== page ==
Comedian/actor Billy Eichner jams with Cleto and the Cletones.


The second of a two-part story

Life couldn’t be better for Cleto Escobedo III, musical director for the “Jimmy Kimmel Live!” show.

He works for and with his best friend Kimmel, the show’s star. The hours are good ones — the show, now in its 12the season, is taped in the early evening before its 11:35 p.m. broadcast on ABC — so he can spend plenty of time with his wife Lori and their two children in their Studio City home.

He is also one of the few Latino musical directors for a major network program.

“One of first guys I can recall is Sheila E.’s brother, Peter. He did Martin Short’s talk show and also Wayne Brady’s show,” Cleto III said. “But there have not been many of us.

“I hope this is progress. The entertainment industry in becoming more diverse. We have decent Latin presence on our show, for one.”

But the kicker — Cleto III’s father, Cleto Escobedo Jr., is in the band. The father, who plays tenor sax, had been a professional musician but gave it up for 30 years to raise the son.

Cleto III is thrilled his dad is playing full-time again.

“For me, I was very happy to give him back the gift of music,” Cleto III said. “He gave up music for me, to be with me, to raise me. He had loved playing all those years, and I had followed in his footsteps.

“To bring him back to it was really fulfilling.”

A Singer First

The son loved music. And why not? His father had been a musician for years, playing the alto and tenor sax in bands starting in his hometown of San Antonio, TX, then in Los Angeles and Las Vegas where the family now lived. 

But Cleto III initially wasn’t interested in playing the sax.

“I like singing, and was kinda good at it,” Cleto III said. “In the sixth grade, as an elective, I signed up for the choir so I could be with one of my best friends.”

But before starting the choir class, his mom Sylvia mentioned to Cleto III that his dad had a brand new sax he didn’t use. The instrument was a gift from one of Duke Ellington’s musicians, Russell Procope. But the father liked playing the older sax.

 Not many kids have a brand new pro instrument to start out with; why not learn?

“I said ‘cool,’” Cleto III said.

So Cleto III began learning the sax at age 11. By this time his father had opted for daily work at Caesars Palace as a busboy and waiter, then as a backstage butler for performers. He was soon promoted to head butler, taking care of performers and high rollers in their hotel suites. It wasn’t a musician’s life, but he could be home every night with his family.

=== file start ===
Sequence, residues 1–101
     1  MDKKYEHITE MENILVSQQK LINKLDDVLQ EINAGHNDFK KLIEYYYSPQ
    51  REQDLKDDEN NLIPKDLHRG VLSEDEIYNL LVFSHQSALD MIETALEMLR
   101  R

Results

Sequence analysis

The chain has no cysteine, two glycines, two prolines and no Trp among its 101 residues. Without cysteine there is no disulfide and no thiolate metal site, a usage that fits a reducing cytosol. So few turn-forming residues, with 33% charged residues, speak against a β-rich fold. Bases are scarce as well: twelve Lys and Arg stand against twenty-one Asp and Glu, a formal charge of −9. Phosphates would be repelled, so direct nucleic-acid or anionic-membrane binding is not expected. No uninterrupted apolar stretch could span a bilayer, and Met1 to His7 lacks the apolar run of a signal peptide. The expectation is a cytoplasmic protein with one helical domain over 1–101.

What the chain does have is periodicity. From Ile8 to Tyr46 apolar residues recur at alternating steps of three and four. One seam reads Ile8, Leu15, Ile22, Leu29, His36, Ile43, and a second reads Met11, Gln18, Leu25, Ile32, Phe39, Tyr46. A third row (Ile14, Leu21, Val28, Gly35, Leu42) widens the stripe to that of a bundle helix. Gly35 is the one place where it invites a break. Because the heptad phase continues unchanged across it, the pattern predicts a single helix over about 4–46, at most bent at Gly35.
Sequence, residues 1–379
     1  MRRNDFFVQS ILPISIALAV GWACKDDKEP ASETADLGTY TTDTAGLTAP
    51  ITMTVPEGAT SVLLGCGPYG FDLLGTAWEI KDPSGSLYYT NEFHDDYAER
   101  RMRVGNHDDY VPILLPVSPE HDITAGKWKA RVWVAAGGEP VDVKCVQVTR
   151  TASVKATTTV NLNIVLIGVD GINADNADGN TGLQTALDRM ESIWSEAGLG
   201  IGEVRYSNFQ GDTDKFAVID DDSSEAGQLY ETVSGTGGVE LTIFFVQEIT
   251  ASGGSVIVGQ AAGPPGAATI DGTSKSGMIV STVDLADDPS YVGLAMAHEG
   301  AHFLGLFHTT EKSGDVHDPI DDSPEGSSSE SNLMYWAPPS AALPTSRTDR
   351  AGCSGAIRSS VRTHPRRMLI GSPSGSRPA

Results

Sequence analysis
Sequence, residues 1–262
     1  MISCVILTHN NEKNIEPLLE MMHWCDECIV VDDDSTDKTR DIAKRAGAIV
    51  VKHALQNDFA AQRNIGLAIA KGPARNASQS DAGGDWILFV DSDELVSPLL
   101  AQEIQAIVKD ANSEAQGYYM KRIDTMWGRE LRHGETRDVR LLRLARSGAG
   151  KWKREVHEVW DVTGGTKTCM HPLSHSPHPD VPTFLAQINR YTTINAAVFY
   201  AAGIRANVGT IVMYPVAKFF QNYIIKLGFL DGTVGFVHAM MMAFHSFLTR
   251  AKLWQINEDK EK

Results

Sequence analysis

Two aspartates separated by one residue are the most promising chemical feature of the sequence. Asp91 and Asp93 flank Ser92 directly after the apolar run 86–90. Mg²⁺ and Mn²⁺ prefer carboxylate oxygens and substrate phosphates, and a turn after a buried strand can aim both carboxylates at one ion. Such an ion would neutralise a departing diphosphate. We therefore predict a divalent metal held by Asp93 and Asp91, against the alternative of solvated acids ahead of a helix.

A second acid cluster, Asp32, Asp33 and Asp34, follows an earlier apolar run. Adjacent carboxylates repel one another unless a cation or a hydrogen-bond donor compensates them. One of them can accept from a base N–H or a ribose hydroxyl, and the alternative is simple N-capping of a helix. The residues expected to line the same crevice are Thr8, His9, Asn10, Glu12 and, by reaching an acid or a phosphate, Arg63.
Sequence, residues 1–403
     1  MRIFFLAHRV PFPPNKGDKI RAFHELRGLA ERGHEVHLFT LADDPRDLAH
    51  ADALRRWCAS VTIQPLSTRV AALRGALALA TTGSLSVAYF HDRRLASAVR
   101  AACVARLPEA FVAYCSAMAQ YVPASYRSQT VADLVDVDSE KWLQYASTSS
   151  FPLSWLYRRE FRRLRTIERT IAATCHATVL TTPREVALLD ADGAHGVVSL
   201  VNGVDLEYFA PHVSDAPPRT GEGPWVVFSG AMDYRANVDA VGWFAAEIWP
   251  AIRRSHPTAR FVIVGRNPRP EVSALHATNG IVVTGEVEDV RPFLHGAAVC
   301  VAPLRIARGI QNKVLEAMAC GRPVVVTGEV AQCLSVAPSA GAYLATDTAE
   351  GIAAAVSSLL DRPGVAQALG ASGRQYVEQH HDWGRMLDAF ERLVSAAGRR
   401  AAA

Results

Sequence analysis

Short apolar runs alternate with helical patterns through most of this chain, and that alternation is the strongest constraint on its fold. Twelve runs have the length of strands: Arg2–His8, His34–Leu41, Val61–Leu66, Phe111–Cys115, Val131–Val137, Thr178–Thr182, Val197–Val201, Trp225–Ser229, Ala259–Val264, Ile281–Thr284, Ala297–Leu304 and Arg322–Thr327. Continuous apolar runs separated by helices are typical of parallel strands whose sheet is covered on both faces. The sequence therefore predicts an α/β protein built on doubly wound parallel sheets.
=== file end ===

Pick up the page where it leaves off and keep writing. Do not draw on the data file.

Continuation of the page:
Cleto III said his father was always supportive and never pushy about playing sax. “Dad helped me with the basics and gave me a kickstart over other kids,” he said. “My development was rapid. Within two years I’m improvising.”

Cleto III didn’t know it then, but another key person had also entered his life.

Meeting Jimmy

A year before picking up the sax, Cleto III spotted a new kid on his neighborhood street. The new kid and his family had moved to Las Vegas from Brooklyn, NY.

“That’s the first time I met Jimmy Kimmel,” Cleto III said. “I saw we were about same age, although I later found out I was a year older. And we were like-minded on what we thought was funny.”

The friendship became a deep and lasting one, Cleto III said. They played baseball and football on the neighborhood streets. They had sleepovers at each other’s house. Sometimes Cleto III’s dad would take the boys fishing in his beloved 1949 Chevy.

“We were very close,” Cleto III said of he and Kimmel. “He moved away at 17 to Phoenix, when I was just starting college. But we always kept in touch.”

Cleto III had enrolled in UNLV as a political science major. But music took over; by his third year a Las Vegas band called Santa Fe (now known as Santa Fe and the Fat City Horns) offered him a job for 15 weeks, at $350 a week. “I wondered how in the world I could spend all that money,” Cleto III said.